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At least 15 are dead after tornadoes rip through parts of Texas, Oklahoma, Arkansas

A man looks at a damaged car in Valley View, Texas, on Sunday, May 26 the day after a tornado hit.
Julio Cortez
A man looks at a damaged car in Valley View, Texas, on Sunday, May 26 the day after a tornado hit.

Tornadoes and severe thunderstorms ripped through parts of Texas, Oklahoma and Arkansas late Saturday evening and Sunday morning, leaving at least 15 people dead and causing widespread damage.

Around midday Sunday, some rescue crews in those states were still searching for missing people and digging out from the rubble, while residents in other states such as Kentucky and Tennessee were facing severe weather from the eastward-moving storms.

More than 400,000 residents throughout the region had lost power as of Sunday afternoon, according to the website poweroutage.us.

In north central Texas, Cooke County Sheriff Ray Sappington told the Associated Press that at least seven people were killed there, including two children ages 5 and 2.

In Arkansas, at least five people were reportedly killed in the storm. Benton County Judge Barry Moehring said one person had died there and multiple others were injured. “It’s been a difficult night for Benton County,” Moehring said.

Two people were killed in Marion County, one person died in Baxter County, and one person was killed in Boone County, local officials said.

“Bryan and I are praying for the communities impacted by last night’s storm and the families of the Arkansans we lost,” said Arkansas Gov. Sarah Huckabee Sanders.

The Oklahoma Department of Emergency Management said two fatalities had been confirmed in the town of Pryor in Mayes County.

In Louisville, Ky., Mayor Craig Greenberg confirmed one death.

Severe thunderstorms spawned destructive tornadoes in several states

The National Weather Service issued tornado warnings and severe thunderstorm warnings in Texas, Oklahoma and Arkansas throughout the Memorial Day weekend. The NWS office in Fort Worth said one of the storms was expected to contain “golf ball sized hail!”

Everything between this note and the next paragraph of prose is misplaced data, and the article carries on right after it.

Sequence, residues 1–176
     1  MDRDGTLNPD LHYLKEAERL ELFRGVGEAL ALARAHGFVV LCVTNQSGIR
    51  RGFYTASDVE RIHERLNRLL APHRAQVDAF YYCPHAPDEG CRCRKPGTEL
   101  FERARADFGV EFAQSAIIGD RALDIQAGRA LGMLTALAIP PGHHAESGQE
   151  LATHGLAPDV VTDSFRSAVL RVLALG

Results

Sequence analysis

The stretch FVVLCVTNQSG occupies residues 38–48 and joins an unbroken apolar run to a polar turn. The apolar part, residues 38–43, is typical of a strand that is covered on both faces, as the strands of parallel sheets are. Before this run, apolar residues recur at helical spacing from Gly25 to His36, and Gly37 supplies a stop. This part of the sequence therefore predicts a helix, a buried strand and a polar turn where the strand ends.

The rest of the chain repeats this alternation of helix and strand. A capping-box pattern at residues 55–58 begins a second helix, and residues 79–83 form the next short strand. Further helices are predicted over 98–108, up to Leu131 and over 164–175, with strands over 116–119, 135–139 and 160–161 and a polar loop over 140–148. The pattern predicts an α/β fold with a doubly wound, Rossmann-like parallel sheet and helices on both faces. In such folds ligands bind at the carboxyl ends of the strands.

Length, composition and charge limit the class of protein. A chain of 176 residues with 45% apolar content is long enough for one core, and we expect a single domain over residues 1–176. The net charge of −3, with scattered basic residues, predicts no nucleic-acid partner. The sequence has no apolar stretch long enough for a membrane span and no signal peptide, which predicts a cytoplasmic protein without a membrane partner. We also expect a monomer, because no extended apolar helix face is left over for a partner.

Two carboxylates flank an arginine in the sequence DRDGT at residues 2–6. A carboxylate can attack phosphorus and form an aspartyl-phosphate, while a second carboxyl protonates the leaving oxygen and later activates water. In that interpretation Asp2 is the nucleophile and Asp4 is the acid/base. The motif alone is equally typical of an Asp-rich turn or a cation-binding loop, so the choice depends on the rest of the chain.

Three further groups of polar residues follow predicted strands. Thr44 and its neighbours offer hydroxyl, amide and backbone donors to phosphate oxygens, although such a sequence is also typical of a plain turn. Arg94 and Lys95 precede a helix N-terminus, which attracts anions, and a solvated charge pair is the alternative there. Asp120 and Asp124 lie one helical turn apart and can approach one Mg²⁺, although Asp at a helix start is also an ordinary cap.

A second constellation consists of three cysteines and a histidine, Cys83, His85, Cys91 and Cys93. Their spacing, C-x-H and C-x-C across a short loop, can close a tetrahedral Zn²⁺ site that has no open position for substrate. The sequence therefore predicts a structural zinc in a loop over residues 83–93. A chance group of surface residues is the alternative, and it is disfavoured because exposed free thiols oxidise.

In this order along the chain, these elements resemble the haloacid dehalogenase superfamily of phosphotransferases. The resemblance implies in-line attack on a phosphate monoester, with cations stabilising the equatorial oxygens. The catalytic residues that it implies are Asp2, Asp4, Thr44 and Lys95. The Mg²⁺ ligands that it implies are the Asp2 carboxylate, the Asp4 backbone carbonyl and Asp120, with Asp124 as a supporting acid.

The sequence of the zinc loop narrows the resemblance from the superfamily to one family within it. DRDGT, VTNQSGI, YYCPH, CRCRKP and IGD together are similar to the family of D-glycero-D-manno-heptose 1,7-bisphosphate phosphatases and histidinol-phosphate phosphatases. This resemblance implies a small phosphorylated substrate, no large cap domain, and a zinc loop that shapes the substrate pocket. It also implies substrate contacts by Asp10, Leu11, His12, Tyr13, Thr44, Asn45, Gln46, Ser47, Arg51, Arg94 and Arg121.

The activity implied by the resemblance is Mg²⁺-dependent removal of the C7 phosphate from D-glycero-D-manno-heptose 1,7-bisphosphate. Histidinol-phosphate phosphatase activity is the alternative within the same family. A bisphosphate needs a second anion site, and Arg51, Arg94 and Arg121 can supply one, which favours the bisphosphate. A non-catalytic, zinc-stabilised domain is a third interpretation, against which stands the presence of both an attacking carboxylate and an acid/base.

Multiple tweets from the meteorological agency Saturday night urged residents to seek shelter immediately to protect themselves from the imminent threat of tornadoes.

By Sunday morning, images of the destruction were beginning to emerge, and public officials were sharing assessments of the casualties and damage.

Denton County, Texas, said in a Facebook post that a tornado there overturned vehicles, damaged homes, felled trees and downed power lines, and that a "number of individuals with injuries” were taken to local hospitals.

Photos from Benton County, Ark., showed heaps of rubble strewn across a road and battered buildings, including a Dollar Tree.

The Cooke County Office of Emergency Management said the storm “caused significant damage to numerous homes and businesses, including the Gateway AP Travel Center, which received major damage.” The office added that there were “numerous injuries of varying degrees.”

Other states are preparing for more bad weather

On Sunday afternoon, a major swath of the U.S was facing an “enhanced risk” of severe weather, including large parts of the Ohio and Mississippi Valleys, according to the National Weather Service.

Severe thunderstorm watches were in effect Sunday for parts of Kentucky, North Carolina, Ohio, Tennessee, Virginia and West Virginia — with tornadoes and hail also possible.

“Additionally, heavy rain may lead to scattered instances of flash flooding with this initial burst of thunderstorms,” the weather service added. “By the afternoon hours another round of showers and thunderstorms are expected to develop along a cold front and impact similar regions, with the severe threat shifting further east across the Ohio Valley overnight.”

By Monday, meteorologists said the weather system will produce severe thunderstorms across the Mid-Atlantic, with the highest chance for intense rainfall in parts of Pennsylvania, New York and New Jersey.